Sunday, September 12, 2010
A number of American soldiers are blowing the whistle on the American military practice of indiscriminately killing Iraq civilians - by randomly firing bullets in a 360 degree circle - anytime that an improvised explosive device hits a U.S. soldier.
As Truthout notes:
Both [specialists Ethan McCord and Josh Stieber] say they saw their mission as a plan to "out-terrorize the terrorists," in order to make the general populace more afraid of the Americans than they were of insurgent groups.
In the interview with [Scott] Horton, Horton pressed Stieber:
"... a fellow veteran of yours from the same battalion has said that you guys had a standard operating procedure, SOP, that said - and I guess this is a reaction to some EFP attacks on y'all's Humvees and stuff that killed some guys - that from now on if a roadside bomb goes off, IED goes off, everyone who survives the attack get out and fire in all directions at anybody who happens to be nearby ... that this was actually an order from above. Is that correct? Can you, you know, verify that?
"Yeah, it was an order that came from Kauzlarich himself, and it had the philosophy that, you know, as Finkel does describe in the book, that we were under pretty constant threat, and what he leaves out is the response to that threat. But the philosophy was that if each time one of these roadside bombs went off where you don't know who set it ... the way we were told to respond was to open fire on anyone in the area, with the philosophy that that would intimidate them, to be proactive in stopping people from making these bombs ..."
Terrorism is defined as:
The use of violence and threats to intimidate or coerce, especially for political purposes.So McCord and Stieber are correct: this constitutes terrorism by American forces in Iraq.
An article today in Der Spiegel describes a study on the use of torture over the last couple of thousand years:A new book, ["Extreme Violence in the Visuals and Texts of Antiquity"] by Martin Zimmerman, a professor of ancient history in Munich, looks at current research into the kinds of violence that inspired "loathing, dread, horror and disgust."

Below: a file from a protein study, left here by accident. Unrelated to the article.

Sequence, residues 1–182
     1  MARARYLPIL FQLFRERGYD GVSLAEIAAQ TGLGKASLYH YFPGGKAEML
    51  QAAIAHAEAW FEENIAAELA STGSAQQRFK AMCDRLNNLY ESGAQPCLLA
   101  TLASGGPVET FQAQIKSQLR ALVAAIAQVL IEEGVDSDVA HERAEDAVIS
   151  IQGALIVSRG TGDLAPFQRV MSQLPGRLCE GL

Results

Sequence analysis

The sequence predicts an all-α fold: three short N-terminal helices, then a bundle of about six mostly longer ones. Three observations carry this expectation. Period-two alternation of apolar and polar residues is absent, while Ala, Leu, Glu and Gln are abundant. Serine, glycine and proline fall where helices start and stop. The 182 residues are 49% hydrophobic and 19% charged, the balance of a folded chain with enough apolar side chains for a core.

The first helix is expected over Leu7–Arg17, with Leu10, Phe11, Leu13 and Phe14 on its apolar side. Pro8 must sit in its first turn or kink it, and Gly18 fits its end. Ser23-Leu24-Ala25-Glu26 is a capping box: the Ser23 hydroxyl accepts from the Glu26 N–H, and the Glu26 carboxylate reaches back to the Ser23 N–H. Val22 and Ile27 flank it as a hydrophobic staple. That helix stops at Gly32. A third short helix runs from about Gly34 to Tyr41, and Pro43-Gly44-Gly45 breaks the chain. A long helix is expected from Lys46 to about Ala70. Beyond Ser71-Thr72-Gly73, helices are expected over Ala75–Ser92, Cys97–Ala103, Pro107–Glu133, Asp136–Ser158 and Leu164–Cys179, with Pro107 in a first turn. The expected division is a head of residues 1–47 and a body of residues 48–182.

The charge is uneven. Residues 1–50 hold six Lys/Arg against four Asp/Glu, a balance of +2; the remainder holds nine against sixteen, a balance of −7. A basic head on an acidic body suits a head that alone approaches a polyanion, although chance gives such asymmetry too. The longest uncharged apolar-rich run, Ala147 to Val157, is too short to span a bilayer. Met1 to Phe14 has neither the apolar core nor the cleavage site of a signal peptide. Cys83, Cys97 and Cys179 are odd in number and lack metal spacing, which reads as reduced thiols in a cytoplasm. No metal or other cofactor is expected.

In the ancient Far East, where there were large states peopled by many different ethnicities, leaders demonstrated their might by inventing ingenious new tortures and agonizing methods of execution -- as a way to keep the population obedient...
The issue of state-sanctioned torture to achieve political goals is still a current one.
The study reinforces what I wrote last year:
Listen to the testimony to Congress by a representative of the U.S. Department of Health and Human Services:"Governments that use torture intend to intimidate their citizens in order to maintain control; those who are tortured become examples of the consequences of dissent."Indeed, this is a well-known tactic for brutal regimes. Take Zimbabwe, for example:"Victims and eyewitnesses told Human Rights Watch that [Zimbabwe’s brutal regime] has set up detention centers . . . to round up and instill fear in suspected political opponents."Torture is a form of terrorism, plain and simple.
As the U.S. Department of Health and Human Services director told Congress:"... torture is the deliberate mental and physical damage caused by governments to individuals to ... terrorize society."
And the U.S. policy of assassinating people all over the world (including Americans) - without trial - is a form of terrorism as well.
Unfortunately, this is nothing new. As the former director of the National Security Agency said:
By any measure the US has long used terrorism. In ‘78-79 the Senate was trying to pass a law against international terrorism - in every version they produced, the lawyers said the US would be in violation.
(the audio is here).
And as Truthout points out, the 360 degree firing on innocent bystanders is most definitely a war crime:
The ironic thing is that top conservative and liberal terrorism experts say that torture and other war crimes increase terrorism and reduce national security.
High-level orders to kill civilians in the context of retaliation for attacks on forces have already been successfully prosecuted as a war crime. In 1944, German SS Obersturmbannführer Herbert Kappler ordered the execution of civilians in the ratio of ten to one for every German soldier killed in a March 1944 attack by Italian partisans. Kappler was sentenced to life in prison. The executions took place in the Caves of Ardeatine in Italy, and were made into the subject of a movie starring Richard Burton. None of the lower-ranking soldiers who actually carried the order out were prosecuted.
The attack which spurred the World War II German commander's retaliatory executions, intended as collective punishment for not informing on partisans, was an IED planted in a garbage container. Kappler's rank was the equivalent of a lieutenant colonel.
And terrorism is bad for the economy as well.